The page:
ALBANY — Gov. Andrew Cuomo's new pandemic mandate limiting household gatherings — including Thanksgiving dinners — relies on local governments to enforce the cap of no more than 10 people in a residence.
But questions about how such a restriction could be enforced are already surfacing.
Members of New York's county sheriff departments "are not going to be peeping in people's windows to see how many people are in there," Peter Kehoe, executive director of the New York State Sheriffs Association, told CNHI.
After a conference call with several sheriffs Thursday, Kehoe said the sheriffs "are confused about the whole thing" because Cuomo's edict offered no specifics as to how it should be enforced, other than a press release mentioning that it was anticipated that job would fall to local governments.
Beyond the challenges of having to count people who entered a private residence, Kehoe said a police agency inclined to look into how many guests are in a house would face potential limitations on their ability to document alleged violations.
"There are certainly going to be constitutional questions about anything that would regulate how many people you can have in your home," he said.
He said one county sheriff contacted a Cuomo representative to suggest that the State Police, an agency controlled by the governor, carry out the assignment, but was told that since it involved civil enforcement it would have to be done by local police.
In announcing the edict, Cuomo said he decided to lower the previous cap for social gathering from 50 to 10 persons because data from contact tracing has found they have the propensity to spread the coronavirus.
"Bars, restaurants, gyms, house parties, that’s where it’s coming from, primarily," the governor said on a conference call Wednesday.
His latest mandate, responding to a surge in the number of infections in many regions of the state, also requires bars, restaurants, bowling alleys and gyms to close their doors by 10 p.m. each night, beginning Friday (Nov. 13).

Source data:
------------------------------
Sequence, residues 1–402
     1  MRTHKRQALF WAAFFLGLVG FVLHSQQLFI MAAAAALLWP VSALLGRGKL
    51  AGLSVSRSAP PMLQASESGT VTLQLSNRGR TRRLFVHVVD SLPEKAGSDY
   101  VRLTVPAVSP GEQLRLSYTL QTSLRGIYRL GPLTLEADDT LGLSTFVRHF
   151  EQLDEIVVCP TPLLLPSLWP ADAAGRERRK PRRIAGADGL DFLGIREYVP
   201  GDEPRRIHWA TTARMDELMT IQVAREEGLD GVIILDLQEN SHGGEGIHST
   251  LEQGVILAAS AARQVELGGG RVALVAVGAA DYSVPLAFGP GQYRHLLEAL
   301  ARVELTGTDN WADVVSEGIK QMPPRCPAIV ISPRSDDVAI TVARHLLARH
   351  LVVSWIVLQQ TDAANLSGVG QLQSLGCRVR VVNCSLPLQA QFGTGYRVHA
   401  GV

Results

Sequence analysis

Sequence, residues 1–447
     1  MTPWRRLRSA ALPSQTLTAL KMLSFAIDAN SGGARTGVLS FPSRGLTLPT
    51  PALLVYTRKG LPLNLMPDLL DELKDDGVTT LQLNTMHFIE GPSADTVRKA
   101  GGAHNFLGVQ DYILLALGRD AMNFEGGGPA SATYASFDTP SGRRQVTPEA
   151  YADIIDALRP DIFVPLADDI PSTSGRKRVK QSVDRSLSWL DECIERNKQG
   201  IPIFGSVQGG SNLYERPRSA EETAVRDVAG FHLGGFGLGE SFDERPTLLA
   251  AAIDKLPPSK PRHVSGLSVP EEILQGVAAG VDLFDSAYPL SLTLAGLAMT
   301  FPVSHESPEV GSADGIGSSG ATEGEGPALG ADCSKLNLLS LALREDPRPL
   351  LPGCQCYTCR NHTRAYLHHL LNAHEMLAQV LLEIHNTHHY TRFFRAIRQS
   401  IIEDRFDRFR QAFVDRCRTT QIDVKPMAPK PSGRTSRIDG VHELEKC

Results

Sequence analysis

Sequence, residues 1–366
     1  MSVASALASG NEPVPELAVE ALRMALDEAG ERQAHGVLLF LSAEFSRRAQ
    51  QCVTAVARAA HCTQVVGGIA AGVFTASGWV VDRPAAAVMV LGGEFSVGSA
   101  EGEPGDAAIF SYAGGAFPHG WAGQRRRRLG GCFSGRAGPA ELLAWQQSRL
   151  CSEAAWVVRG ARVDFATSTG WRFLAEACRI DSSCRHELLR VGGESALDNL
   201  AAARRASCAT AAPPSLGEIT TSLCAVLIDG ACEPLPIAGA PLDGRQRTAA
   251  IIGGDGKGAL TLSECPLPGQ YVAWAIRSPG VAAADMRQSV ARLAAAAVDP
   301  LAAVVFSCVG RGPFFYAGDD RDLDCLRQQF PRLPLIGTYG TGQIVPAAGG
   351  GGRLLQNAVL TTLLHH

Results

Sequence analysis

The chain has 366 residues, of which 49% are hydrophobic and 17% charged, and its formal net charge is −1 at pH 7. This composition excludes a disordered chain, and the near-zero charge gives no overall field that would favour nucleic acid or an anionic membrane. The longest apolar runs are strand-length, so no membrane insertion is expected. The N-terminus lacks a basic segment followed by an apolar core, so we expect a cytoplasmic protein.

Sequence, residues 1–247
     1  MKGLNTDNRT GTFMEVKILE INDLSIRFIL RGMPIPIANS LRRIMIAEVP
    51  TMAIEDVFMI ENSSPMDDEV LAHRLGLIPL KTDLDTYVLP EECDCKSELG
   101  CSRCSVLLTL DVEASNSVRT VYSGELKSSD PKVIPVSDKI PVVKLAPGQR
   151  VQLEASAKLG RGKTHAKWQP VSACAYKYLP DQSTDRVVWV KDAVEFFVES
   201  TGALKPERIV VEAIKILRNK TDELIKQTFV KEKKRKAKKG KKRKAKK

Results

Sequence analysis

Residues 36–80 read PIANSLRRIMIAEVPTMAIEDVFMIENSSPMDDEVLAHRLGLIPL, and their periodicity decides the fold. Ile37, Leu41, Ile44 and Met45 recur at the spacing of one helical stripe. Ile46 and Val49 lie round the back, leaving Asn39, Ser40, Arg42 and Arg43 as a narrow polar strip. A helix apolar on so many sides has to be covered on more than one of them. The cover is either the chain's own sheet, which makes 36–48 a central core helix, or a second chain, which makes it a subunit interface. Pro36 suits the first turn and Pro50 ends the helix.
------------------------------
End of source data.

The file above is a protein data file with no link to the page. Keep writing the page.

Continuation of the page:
"If these measures are not sufficient to slow the spread, we will turn the valve more, and part of that would be reducing the number of people in indoor dining," the governor said. New York restaurants are now facing a limit of 50% of their occupancy capacity, though in New York City and some hot spots the limit is 25%.
"If that doesn't work, if numbers keep going crazy, there are some scientists who believe we should close down," Cuomo added. "I hope that doesn't happen."
Cuomo's latest measures represent a shift from a more targeted approach focusing on "micro clusters" of infections in specific communities. Those outbreaks have been met by beefing up the availability of testing and imposing some restrictions aimed at containing the spread.
Delaware County Sheriff Craig DuMond said the new "one size fits all approach" is flawed, suggesting the restrictions were done hastily.
"I think he is having another knee-jerk reaction to an issue he is dealing with, and he needs to slow down and be more deliberate in his decision-making," DuMond said.
As for the new restaurant and bar restrictions, New York's move came after Connecticut, New Jersey and Massachusetts also imposed earlier closing hours.
Lilly Jan, a food and beverage lecturer on the Hotel School faculty at Cornell University, said the new restrictions are likely to reduce the number of patrons many restaurants can sit for meals, and thus cut into their ability to make a profit.
She also noted restaurants often rely on the revenue derived from the sale of alcoholic beverages. "This is an industry that is completely dependent on volume," she said. "Alcohol sales can account for a good chunk of your revenue. If you can continue to offer drinks for pickup and delivery, that's great. But if you can't do that after 10 p.m., that is going to hurt some bottom lines, for sure."
Scott Wexler, director of the Empire State Tavern and Restaurant Association, said the restrictions will have varying impacts, and hurt those that cater to having more customers entering establishments later in the evenings. They will also hurt diners that open late at night and in the predawn hours, he said.
"The (infection) data is hard to argue with," Wexler said. "The policy is hard to accept."
The new restrictions underscores the importance of proposed federal Restaurants Act, which is tucked inside stalled federal stimulus legislation, Wexler said. He suggested the ability of many New York restaurants to survive could hinge on whether the Restaurants Act wins congressional support.
The measure includes a program designed to offer $120 billion in grants to businesses impacted by the pandemic. One restaurant industry advocacy group has estimated such a grant program would drive $271 billion back into the economy.
Joe Mahoney covers the New York Statehouse for CNHI’s newspapers and websites. Reach him at firstname.lastname@example.org.